Stainless steel is the #1 choice for sinks, faucets, and shower heads. You might have them at home, but also in healthcare, hotels and other industries it is a firm favourite. Although stainless steel is considered to be durable and it looks clean, it may still be a bacterial paradise. According to research, stainless steel encourages the growth of Legionella bacteria.1 Your stainless steel shower head, where you enjoy your long hot showers, might be putting you at risk for Legionnaires’ disease. In this article we will discuss how stainless steel influences legionella growth based on scientific research; and, we will make an objective comparison of Legionella prevention techniques that could counteract this.
Research Stainless Steel & Legionella
Over a period of 4 years, a group of Dutch scientists tested stainless-steel faucets compared to traditional brass ones. The results of their study showed that the stainless steel coating degrades within a few years, leaking iron into the water. Iron water poses perfect conditions for Legionella growth. Causing the stainless steel faucets to triple the bacterial rate of Legionella (> 100.000 kve/L). 1
One of the scientists, van der Lugt said: “Stainless steel faucets corroded within just four years, producing the iron which we think led to an increased Legionella growth. (…) It solves a mystery for me, of why I always found these bacteria in showers with thermostatic faucets [stainless steel] but less in showers with more traditional ones.” 2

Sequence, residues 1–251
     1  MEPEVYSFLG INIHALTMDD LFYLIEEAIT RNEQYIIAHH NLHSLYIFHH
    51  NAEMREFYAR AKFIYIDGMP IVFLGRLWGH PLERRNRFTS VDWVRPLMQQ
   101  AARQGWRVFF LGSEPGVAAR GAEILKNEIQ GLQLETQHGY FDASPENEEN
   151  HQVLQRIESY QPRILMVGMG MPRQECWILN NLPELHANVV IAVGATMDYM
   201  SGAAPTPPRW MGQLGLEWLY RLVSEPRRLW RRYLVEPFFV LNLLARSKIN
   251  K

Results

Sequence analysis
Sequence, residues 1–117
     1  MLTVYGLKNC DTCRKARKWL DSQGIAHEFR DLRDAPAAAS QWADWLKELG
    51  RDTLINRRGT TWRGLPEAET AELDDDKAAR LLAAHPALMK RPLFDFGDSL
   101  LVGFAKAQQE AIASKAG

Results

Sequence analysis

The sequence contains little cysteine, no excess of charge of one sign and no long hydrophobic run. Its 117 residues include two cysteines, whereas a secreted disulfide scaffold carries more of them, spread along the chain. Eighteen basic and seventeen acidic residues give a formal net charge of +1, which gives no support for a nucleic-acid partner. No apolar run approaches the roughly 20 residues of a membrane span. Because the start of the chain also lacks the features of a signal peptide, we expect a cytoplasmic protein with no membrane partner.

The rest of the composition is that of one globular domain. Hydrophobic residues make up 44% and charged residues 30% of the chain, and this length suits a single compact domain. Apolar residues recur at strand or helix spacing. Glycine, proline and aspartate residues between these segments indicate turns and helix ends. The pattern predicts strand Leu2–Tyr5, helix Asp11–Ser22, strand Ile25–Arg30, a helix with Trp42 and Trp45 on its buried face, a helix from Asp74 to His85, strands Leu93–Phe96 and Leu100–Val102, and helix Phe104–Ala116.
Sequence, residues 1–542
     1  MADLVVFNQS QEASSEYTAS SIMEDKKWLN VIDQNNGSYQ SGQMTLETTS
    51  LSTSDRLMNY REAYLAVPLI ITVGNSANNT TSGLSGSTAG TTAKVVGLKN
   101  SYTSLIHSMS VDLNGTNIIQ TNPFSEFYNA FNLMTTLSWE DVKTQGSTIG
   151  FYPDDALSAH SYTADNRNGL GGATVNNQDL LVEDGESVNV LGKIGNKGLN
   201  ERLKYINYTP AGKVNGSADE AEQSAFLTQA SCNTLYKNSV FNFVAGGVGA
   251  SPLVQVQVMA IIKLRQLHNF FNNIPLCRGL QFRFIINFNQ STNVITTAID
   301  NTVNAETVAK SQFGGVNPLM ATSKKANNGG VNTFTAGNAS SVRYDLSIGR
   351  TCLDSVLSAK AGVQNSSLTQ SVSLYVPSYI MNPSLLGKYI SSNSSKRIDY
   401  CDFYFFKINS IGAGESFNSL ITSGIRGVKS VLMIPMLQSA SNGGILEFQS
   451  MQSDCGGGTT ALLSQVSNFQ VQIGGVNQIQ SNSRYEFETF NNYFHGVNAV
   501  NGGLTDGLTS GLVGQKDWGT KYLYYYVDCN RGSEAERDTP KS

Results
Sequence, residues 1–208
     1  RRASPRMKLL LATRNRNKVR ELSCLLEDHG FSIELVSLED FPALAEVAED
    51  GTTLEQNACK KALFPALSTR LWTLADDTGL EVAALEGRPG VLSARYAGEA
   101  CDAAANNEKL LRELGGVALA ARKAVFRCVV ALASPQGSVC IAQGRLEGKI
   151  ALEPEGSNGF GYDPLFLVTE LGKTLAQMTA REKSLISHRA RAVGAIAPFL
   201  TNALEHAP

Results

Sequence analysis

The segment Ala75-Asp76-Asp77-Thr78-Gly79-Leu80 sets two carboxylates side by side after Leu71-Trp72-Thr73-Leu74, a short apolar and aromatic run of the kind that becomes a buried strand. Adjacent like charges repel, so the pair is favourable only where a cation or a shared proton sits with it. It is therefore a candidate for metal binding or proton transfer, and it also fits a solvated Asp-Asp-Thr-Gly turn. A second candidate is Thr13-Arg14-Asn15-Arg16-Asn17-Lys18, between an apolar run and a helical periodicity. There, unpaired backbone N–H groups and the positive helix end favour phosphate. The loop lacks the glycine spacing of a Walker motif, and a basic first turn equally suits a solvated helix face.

Corrosion of Stainless Steel
The degradation of the stainless steel coating can be induced by two types of corrosion: galvanic corrosion and microbiologically-influenced corrosion (MIC).1 Galvanic corrosion is caused by iron rust which is naturally present in drinking water systems due to the rusting of cast iron distribution pipes. MIC happens when biofilm is present in the water installation.3 Biofilm is a slimy layer of microorganisms, the breeding ground for Legionella, that is attached to the pipework. The biofilm influences the corrosion in your pipework.3
Legionella prevention techniques – corrosion & biofilm
The presence of Legionella in water systems is a major concern. Choosing the right Legionella prevention technique depends on several factors. The study shows that the type of material influences the growth of Legionella.1 Legionella prevention techniques that deteriorate the pipework potentially increase Legionella growth instead of decrease (due to higher iron rust concentrations). Hence, techniques, such as, chlorine dioxide, chemical shock, chlorine, and anodic oxidation simply fan the flames of the Legionella problem.
As biofilm influences the corrosion of stainless steel coatings it is important that the Legionella prevention technique completely dissolves the biofilm. Copper silver ionization is the only technique that both removes biofilm and is non-corrosive for your pipework. Therefore, the best solution for your stainless steel appliances!
- van der Lugt, W., Euser, S. M., Bruin, J. P., Den Boer, J. W., Walker, J. T., & Crespi, S. (2017). Growth of Legionella anisa in a model drinking water system to evaluate different shower outlets and the impact of cast iron rust. International journal of hygiene and environmental health, 220(8), 1295-1308.
- Allen, V. (2017, August). Do stainless steel sinks raise risk of Legionnaires’? Retrieved from https://www.iol.co.za/lifestyle/health/do-stainless-steel-sinks-raise-risk-of-legionnaires-10985001
- Corrosionpedia. (n.d.). Biofilm. Retrieved from https://www.corrosionpedia.com/definition/1649/biofilm